Ronald Reagan picture

Radio Address to the Nation on a House Budget Proposal

March 19, 1983

My fellow Americans:

Tomorrow at 11:30 p.m. is the first day of spring, and it coincides with an important change in our economy. A season of hope is giving way to a season of progress. We're seeing the proof that our great national struggle to make our economy well again is beginning to pay off. Yes, we have a long way to go, but factories are reopening, workers called back, production in housing, autos, and steel picking up, and new breakthroughs in high technology busting out all over.

America is moving forward. The economy is growing stronger—and stronger than most people, including ourselves, predicted.

The question is no longer will we have recovery, but how long will recovery last? It's been nearly 20 years since the United States enjoyed a long-lasting economic expansion that didn't trigger ruinous inflation and high interest rates. We're trying to build that kind of recovery now. We can have it if we stick to common sense and don't go back to the big spending and taxing addiction that brought this economy to its knees in 1980.

Unfortunately, it's still true that the more things change, the more they stay the same. America is on the mend, but this recovery could be stopped dead in its tracks if big spenders in the Congress have their way. I was greatly encouraged when we had some bipartisan success on a couple of sticky problems. But unfortunately, those who place their faith in big government and heavy spending reverted to type.

Right now, House liberals are pushing a budget—the so-called liberal Democratic budget—that, if implemented, would reverse the progress we've made and wreck our program to rebuild the economy. They want to throw out the window much of the domestic budget savings we've achieved over the last 2 years. And they would go much further, seeking $181 billion in higher domestic spending over the next 5 years, excesses that would send the budget, prices, and interest rates soaring out of control and our economy into a tailspin.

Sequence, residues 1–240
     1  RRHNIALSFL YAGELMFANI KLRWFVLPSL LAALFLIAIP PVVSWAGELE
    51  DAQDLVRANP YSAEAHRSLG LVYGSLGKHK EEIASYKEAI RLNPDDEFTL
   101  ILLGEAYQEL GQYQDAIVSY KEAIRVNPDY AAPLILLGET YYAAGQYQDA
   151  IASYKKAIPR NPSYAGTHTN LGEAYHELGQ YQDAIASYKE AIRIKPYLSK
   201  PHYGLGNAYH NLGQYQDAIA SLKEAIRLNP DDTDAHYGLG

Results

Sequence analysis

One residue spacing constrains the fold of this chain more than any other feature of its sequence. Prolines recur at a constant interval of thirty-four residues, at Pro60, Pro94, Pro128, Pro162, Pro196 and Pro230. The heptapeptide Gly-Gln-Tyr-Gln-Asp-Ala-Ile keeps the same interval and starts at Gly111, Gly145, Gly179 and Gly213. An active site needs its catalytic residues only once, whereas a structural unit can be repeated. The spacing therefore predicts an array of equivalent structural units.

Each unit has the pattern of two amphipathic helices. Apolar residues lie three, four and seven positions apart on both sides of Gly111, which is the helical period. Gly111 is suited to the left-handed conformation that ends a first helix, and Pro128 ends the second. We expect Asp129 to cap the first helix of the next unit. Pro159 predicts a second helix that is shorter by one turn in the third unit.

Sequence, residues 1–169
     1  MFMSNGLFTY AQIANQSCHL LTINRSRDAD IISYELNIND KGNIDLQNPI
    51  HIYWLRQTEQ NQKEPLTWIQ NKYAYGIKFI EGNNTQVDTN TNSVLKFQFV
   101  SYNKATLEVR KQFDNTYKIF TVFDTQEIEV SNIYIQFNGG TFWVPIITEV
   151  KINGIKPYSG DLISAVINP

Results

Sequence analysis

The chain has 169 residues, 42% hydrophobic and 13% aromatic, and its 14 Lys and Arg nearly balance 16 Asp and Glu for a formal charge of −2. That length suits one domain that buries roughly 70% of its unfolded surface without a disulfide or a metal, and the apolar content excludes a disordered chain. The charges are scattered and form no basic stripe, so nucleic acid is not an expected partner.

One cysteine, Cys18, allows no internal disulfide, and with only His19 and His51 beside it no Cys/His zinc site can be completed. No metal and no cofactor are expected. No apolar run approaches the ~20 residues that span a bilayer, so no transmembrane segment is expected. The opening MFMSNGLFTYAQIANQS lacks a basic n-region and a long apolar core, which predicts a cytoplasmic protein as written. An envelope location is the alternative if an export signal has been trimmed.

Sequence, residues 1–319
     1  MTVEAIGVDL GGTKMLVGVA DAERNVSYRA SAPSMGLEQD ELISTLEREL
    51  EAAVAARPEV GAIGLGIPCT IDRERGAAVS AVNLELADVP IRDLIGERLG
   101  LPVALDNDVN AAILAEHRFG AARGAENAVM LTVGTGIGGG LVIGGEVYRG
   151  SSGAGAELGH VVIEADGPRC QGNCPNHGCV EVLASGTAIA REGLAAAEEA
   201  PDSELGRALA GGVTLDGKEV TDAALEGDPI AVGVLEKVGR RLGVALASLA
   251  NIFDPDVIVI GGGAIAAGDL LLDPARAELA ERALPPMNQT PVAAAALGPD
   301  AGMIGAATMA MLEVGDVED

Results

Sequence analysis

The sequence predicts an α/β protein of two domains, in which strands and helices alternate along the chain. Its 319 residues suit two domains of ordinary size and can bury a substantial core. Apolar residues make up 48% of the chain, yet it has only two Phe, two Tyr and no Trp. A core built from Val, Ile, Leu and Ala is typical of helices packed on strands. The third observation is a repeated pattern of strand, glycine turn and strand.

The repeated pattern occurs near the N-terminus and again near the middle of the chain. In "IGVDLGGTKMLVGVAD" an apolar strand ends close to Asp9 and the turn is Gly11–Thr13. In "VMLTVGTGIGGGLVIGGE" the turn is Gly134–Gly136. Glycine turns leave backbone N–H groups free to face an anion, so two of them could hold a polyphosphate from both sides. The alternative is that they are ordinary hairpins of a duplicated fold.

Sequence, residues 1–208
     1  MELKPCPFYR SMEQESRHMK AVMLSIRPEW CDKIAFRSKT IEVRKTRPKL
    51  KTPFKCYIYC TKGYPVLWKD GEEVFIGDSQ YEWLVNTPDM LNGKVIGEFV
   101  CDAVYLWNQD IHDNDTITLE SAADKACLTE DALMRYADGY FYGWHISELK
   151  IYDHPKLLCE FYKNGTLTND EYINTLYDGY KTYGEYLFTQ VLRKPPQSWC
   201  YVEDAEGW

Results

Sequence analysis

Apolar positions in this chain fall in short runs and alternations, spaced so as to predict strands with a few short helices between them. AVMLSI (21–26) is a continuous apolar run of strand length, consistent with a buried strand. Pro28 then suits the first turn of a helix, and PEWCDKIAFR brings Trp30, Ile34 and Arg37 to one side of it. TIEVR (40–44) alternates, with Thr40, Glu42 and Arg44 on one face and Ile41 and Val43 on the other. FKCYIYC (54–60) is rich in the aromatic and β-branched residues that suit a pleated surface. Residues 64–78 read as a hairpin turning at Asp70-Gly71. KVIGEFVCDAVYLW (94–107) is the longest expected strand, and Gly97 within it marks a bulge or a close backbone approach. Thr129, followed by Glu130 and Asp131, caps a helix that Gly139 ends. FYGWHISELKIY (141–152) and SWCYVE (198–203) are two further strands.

To cite just one example, Medicare would be driven into bankruptcy by the failure of their budget to address its problems. Our proposed budget meets the needs of our people without bankrupting the system.

Now, how do they propose to pay for their reckless binge? Two ways: by compromising America's defense security and by slapping massive new tax increases on every working family. Ignoring the Soviets' tremendous advantage in military forces, the liberals would cripple our efforts to modernize America's defenses. To put it bluntly, their budget gambles with our security and safety. Their proposed $163 billion cut in defense spending over the next 5 years would put the United States right back in the position of military vulnerability we were in after a decade of neglect in the 1970's.

We were shocked to learn when we got here that we had so many ships that couldn't leave port, planes that couldn't take off, and helicopters that couldn't stay aloft—all of this because of our lack of spare parts, sometimes of crew, inability to keep things repaired, or shortage of fuel.